Labeling mAbs for use as imaging reagents, however, presents its own unique challenges. For example, conjugation methods utilizing amine-reactive dyes, such as FITC succinimidyl esters, require large starting volumes (milligrams) of mAbs. Once labeled, conjugates must be purified via spin column or gel filtration media, which reduce conjugation yields to ?50 – 60%. More importantly the degree of labeling (DOL), which refers to the number of dye molecules per antibody, must be optimized to preserve the antibody's immunoreactivity and reproducibility in conjugation results. Under-labeled (DOL < 2) and over-labeled mAbs (DOL > 6) can experience a reduction in their fluorescence intensities. The latter is due to the conjugation of multiple fluorophore to a mAb and its effect on the fluorescence quantum yield (a factor that contributes to dye brightness). This effect is a result of self-quenching between neighboring dyes and between dyes and the mAb.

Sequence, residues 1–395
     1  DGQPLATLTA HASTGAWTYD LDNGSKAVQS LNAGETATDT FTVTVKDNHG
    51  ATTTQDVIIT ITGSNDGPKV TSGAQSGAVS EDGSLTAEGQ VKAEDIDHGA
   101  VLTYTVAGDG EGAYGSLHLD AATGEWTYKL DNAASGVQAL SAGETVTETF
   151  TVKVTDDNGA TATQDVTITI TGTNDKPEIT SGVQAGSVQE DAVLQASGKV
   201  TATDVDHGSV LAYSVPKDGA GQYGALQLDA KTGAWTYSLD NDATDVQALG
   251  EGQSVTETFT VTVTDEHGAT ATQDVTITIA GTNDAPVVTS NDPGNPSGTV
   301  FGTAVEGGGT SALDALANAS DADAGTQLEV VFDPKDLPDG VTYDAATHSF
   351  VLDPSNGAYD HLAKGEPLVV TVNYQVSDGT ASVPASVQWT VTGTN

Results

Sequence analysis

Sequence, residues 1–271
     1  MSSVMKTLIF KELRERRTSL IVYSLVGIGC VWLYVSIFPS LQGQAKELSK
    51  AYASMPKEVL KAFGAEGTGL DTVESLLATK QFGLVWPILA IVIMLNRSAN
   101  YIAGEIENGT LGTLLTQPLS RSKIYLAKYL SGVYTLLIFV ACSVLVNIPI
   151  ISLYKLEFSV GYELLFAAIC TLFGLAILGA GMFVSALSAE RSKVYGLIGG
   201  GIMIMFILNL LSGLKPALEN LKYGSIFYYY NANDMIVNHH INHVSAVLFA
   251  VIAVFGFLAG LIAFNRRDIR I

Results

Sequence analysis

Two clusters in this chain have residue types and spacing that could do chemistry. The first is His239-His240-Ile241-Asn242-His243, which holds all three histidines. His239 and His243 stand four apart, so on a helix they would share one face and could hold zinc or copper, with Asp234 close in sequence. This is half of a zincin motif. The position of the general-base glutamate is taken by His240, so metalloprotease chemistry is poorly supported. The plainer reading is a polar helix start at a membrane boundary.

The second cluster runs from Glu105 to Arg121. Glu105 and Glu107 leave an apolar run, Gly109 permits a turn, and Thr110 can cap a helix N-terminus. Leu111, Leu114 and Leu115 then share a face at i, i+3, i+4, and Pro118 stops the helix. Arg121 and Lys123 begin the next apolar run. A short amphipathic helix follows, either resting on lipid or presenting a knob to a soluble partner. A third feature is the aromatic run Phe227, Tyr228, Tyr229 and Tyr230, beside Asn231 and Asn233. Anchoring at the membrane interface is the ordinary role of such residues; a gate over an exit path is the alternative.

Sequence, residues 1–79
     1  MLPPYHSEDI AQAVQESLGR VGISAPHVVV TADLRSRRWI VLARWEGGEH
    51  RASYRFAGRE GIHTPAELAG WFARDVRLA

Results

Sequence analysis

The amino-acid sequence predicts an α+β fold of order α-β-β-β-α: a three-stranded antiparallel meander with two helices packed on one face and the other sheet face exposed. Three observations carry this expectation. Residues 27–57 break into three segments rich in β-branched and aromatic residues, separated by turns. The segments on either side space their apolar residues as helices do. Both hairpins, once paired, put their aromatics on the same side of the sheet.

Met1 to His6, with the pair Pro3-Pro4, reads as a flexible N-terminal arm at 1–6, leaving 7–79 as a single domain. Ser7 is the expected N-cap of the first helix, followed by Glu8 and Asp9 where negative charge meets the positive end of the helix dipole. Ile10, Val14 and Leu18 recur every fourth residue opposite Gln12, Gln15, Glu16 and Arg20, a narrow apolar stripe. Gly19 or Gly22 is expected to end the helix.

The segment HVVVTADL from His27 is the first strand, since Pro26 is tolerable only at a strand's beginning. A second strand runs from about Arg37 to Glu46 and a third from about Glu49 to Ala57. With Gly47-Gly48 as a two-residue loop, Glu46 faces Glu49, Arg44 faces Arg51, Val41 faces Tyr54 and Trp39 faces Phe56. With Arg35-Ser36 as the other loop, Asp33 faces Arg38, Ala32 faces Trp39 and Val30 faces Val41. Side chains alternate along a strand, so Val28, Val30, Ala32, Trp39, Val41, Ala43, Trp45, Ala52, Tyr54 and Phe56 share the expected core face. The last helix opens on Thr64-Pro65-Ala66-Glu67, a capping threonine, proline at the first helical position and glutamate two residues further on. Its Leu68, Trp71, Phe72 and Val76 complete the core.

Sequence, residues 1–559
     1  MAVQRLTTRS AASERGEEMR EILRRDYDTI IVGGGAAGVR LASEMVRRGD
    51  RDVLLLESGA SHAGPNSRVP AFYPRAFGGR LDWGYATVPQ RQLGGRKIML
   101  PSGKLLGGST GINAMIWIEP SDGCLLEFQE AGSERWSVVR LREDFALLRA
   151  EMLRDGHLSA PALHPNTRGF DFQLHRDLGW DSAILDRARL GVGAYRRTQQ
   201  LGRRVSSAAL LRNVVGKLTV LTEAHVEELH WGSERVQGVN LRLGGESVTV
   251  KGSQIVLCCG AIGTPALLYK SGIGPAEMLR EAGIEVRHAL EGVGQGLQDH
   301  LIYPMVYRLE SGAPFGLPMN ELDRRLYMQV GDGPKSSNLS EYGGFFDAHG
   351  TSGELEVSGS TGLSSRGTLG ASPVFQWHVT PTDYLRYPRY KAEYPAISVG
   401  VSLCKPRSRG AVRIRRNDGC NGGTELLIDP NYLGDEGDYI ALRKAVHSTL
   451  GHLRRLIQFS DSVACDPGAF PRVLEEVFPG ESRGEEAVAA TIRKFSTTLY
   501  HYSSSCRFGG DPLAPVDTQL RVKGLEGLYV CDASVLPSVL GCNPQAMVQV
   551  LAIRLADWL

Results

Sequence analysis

To address the aforementioned concerns, AAT Bioquest has developed an arsenal of ReadiLink™ Rapid Antibody Labeling Kits for microscale labeling (50 to 100 µg) of therapeutic mAbs for use in imaging and flow cytometry. Utilizing a streamlined labeling protocol in combination with amine-reactive fluorophores, ReadiLink™ kits produces mAb conjugates in two simplified steps at optimal DOL values. To assess the fluorescence brightness, a comparative analysis between CD4-iFluor® 488 conjugates prepared with ReadiLink™ Rapid iFluor® 488 Antibody Labeling Kit and commercially purchased CD4-Alexa Fluor® 488 was performed by lymphocyte immunophenotyping.
Materials and Methods
Cryopreserved human peripheral blood mononuclear cells (PBMCs) were obtained from iXCells Biotechnology (San Diego, CA). Cryopreserved PBMCs were thawed in a 37°C water bath with continuous agitation until completely melted, and then placed on ice for 2 minutes. Each 100 µL of thawed cell suspension was diluted with 9 mL Blood Cell Culture medium (iXCells Biotechnology) supplemented with 1 mL 10% fetal bovine serum. Cells were centrifuged (1000 rpm) at room temperature for 5 minutes and washed a second time with 10 mL of medium. Cell viability was quantified by trypan blue dye exclusion from AAT Bioquest (Sunnyvale, CA), counted on a hemocytometer and resuspended in medium required for lymphocyte immunophenotyping.